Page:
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Defense moves to exclude testimony against man charged in cop's 1980 slaying

Defense moves to exclude testimony against man charged in cop's 1980 slaying

CROWN POINT — Defense attorneys asked a judge Thursday to exclude testimony from an eyewitness in a case against the last of three defendants charged with murder in the 1980 shooting death of an off-duty Hammond police officer.

Pierre Catlett, 66, of Harvey, Illinois, is currently scheduled to stand trial starting Aug. 30 on charges he and two other men murdered Officer Lawrence J. Pucalik on Nov. 14, 1980, at the Holiday Inn-Southeast, formerly at the intersection of Cline and Interstate 80/94.

Catlett also recently filed a petition to let bail, which was scheduled for a hearing April 29 before Lake Criminal Court Magistrate Kathleen Sullivan.

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Murder defendants typically are not afforded bail. However, they have a constitutional right to request bail hearings.

If a court determines, after hearing evidence and testimony, that the presumption of guilt on a murder charge is not strong, or that the evidence shows a lesser offense, such as voluntary manslaughter, was more likely committed, a request for bail can be granted.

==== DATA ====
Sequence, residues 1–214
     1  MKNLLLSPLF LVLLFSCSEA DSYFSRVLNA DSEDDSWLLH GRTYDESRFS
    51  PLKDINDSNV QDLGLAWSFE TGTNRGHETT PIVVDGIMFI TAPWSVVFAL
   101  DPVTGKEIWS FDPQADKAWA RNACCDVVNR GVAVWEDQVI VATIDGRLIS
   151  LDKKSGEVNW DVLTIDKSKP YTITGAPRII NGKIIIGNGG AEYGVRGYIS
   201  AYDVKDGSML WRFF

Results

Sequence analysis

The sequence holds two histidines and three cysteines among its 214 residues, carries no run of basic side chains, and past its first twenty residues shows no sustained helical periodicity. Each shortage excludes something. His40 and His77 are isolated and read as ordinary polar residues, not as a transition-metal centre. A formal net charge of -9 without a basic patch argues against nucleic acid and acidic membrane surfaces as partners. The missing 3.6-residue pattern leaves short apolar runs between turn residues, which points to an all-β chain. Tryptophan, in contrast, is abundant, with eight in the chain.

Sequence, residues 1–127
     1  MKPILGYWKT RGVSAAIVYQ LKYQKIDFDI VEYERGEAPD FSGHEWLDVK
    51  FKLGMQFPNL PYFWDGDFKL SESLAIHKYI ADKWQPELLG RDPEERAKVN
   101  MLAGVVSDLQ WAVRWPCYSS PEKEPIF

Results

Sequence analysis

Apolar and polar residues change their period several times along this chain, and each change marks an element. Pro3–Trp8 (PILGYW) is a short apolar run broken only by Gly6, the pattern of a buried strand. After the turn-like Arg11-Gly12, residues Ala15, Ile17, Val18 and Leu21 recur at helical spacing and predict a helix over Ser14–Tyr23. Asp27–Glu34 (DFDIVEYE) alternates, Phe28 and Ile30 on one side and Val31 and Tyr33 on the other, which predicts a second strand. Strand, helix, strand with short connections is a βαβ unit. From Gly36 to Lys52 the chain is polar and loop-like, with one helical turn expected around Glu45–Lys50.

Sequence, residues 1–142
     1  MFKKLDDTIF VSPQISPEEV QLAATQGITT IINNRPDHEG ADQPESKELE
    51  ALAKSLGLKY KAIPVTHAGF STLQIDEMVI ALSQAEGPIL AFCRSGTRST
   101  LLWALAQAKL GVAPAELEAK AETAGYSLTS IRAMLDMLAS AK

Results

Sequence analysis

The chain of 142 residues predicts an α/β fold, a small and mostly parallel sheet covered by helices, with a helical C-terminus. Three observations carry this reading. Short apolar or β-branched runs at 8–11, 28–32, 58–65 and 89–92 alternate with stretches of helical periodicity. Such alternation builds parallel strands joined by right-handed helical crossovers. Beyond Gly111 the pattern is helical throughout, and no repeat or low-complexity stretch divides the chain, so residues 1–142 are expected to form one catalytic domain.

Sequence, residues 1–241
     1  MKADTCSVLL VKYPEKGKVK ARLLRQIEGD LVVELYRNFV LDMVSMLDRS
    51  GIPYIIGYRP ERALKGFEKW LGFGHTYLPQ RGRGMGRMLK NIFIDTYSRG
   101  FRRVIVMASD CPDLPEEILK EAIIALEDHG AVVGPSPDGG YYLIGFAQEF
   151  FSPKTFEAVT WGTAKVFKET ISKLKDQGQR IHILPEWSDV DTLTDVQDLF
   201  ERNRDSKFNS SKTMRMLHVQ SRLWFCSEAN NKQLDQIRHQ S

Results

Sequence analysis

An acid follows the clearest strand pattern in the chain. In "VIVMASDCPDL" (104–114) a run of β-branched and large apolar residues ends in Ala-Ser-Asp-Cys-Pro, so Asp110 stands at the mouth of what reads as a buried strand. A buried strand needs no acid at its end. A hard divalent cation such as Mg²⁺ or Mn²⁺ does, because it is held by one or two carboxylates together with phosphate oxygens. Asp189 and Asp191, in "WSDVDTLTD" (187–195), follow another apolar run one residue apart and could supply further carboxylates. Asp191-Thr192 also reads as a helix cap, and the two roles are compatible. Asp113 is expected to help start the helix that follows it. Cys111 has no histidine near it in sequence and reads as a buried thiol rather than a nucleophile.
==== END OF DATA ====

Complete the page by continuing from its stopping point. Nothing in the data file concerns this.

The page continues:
Catlett's attorneys, Joseph Curosh and Casey McCloskey, asked Judge Salvador Vasquez to bar testimony from an eyewitness in the case because he failed to appear for a deposition in March.

Lake County First Assistant Deputy Prosecutor Peter Villarreal said the man briefly testified against Catlett's co-defendant James Hill at Hill's trial in 2018 and recently underwent cataract surgery.

The man also had reservations about attending a deposition without first receiving a coronavirus vaccine, Villarreal said.

Hill was convicted of murder in perpetration of a robbery and sentenced to 40 years in prison.

Curosh said he and McCloskey had been working since January to schedule the man's deposition in Catlett's case and have grown frustrated.

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Vasquez said one remedy, while extreme, would be to file a motion to exclude the man's testimony because he failed to show up for a deposition. Curosh conferred with Catlett and McCloskey and made an oral motion.

Vasquez took the motion under advisement, asking Curosh to file his motion in writing. The judge also encouraged the attorneys to work out other discovery issues among themselves.

The man is Villarreal's witness, so Villarreal must reassure him precautions will be taken to prevent the spread of COVID-19 while he's in court, Vasquez said.

Catlett's next hearing was set for April 22.

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